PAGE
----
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FAA changes hiring practices for ATC, CTI students passed over for jobs despite being qualified

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PHOENIX (KSAZ) - When you climb into an airliner, you trust the pilot, the crew and air traffic controllers will keep you safe.

But FOX 10 News has learned the FAA recently changed the way it hires air traffic controllers.

Now no experience is necessary and many worry this could put the flying public at risk.

Every year in the U.S. Nearly a billion air travelers depend on the men and women in towers and radar centers to guide their plane safely to its destination.

You would think the FAA would want the best and brightest in these towers. But fox ten news has discovered that's no longer the case.

For 24 years, the FAA has relied on colleges and universities to prepare air traffic controllers through the collegiate training initiative or CTI.

ASU is one of 36 colleges around the nation training the next generation of controllers, people like Christina Delgado. "ASU prepares you to go into the work force ready to go," she said.
    
She graduated in 2010 and now works in the Deer Valley Tower.

"You walk in there, and you already have the knowledge of aircraft aircraft characteristics runway separation you know how to talk to airplanes because you've already done that through the simulation," said Delgado.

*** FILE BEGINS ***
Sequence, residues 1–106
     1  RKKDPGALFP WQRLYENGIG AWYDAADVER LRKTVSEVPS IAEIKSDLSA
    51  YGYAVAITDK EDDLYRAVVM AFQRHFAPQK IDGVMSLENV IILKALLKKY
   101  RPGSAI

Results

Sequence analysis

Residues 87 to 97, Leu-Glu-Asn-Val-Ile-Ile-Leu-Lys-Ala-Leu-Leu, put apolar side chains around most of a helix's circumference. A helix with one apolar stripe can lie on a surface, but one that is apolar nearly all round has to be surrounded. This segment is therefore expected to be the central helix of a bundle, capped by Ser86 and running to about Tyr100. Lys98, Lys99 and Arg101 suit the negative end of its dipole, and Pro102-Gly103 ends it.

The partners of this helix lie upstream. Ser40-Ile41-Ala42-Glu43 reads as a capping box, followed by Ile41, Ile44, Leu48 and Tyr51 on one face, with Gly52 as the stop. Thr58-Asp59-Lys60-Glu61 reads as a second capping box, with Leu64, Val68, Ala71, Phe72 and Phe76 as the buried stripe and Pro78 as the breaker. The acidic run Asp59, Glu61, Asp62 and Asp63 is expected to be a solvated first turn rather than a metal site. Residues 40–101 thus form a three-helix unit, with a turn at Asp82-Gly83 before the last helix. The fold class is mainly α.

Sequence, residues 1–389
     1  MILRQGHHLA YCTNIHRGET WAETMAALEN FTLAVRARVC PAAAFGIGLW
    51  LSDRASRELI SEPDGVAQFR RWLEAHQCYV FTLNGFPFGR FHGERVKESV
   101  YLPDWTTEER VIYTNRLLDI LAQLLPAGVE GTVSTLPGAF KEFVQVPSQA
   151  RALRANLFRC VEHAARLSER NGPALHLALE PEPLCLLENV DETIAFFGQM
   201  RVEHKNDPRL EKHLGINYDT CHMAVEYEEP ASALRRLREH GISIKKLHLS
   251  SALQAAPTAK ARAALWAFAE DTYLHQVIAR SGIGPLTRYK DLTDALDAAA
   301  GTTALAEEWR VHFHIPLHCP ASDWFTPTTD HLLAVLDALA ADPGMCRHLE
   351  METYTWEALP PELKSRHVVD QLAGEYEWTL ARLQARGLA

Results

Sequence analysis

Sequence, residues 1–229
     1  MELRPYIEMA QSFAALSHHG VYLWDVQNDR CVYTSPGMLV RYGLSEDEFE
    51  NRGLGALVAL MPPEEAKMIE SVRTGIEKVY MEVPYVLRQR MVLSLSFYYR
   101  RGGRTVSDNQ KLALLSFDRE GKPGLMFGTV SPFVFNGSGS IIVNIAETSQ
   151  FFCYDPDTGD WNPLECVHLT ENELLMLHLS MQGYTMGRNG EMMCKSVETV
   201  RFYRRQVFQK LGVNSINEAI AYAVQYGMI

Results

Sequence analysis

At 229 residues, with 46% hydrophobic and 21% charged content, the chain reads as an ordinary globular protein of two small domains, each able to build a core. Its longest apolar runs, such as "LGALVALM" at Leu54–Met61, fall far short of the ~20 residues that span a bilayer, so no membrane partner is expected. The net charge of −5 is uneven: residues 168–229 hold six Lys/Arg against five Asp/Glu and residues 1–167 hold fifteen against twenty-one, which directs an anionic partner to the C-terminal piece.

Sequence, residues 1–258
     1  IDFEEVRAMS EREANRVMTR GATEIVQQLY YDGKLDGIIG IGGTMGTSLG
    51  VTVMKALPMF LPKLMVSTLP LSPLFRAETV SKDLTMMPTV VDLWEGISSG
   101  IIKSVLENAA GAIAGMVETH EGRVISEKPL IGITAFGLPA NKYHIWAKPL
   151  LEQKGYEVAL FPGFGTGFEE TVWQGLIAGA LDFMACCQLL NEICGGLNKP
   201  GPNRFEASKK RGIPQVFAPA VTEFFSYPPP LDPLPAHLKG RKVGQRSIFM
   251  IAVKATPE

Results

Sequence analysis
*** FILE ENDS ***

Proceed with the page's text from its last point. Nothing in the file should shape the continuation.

The program worked so well that two years-ago the FAA announced it would fill any future controller openings with military vets and graduates from CTI schools.

But then in January the FAA did a startling about face suddenly announcing it would begin hiring air traffic controllers "off the street" with no experience necessary.

Erin hogan is an ASU CTI graduate, she scored 99 on the AT-SAT test.
    
The AT-SAT, since 2002 it's been the gold standard for screening air traffic control applicants. But now, the FAA says Erin's AT-SAT score and years of schooling count for nothing.

So why would the FAA suddenly scrap a program that's providing it with top flight controllers, a program the FAA helped design.

Veteran FAA controller John Gilding spent 20 years in the tower. He's worked with controllers hired off the street as well as CTI graduates. We asked him, who's better?

"CTI students, much, much better. They're better trained better prepared they outperform the off the street hires," said Gilding.
    
Anthony Foxx is the head of the Department of Transportation that oversees the FAA. This is how he described the hiring changes to Congress in March. "The FAA took an opportunity to take a broad opening of the aperture if you will to try to get a larger universe of applicants into the program," he said.
    
"Opening the aperture", code for diversity. But just a year ago the FAA gave the CTI program a glowing review. Stating, "It is clear to the FAA that the FAA CTI schools are making great strides incorporate minority students and faculty into their programs."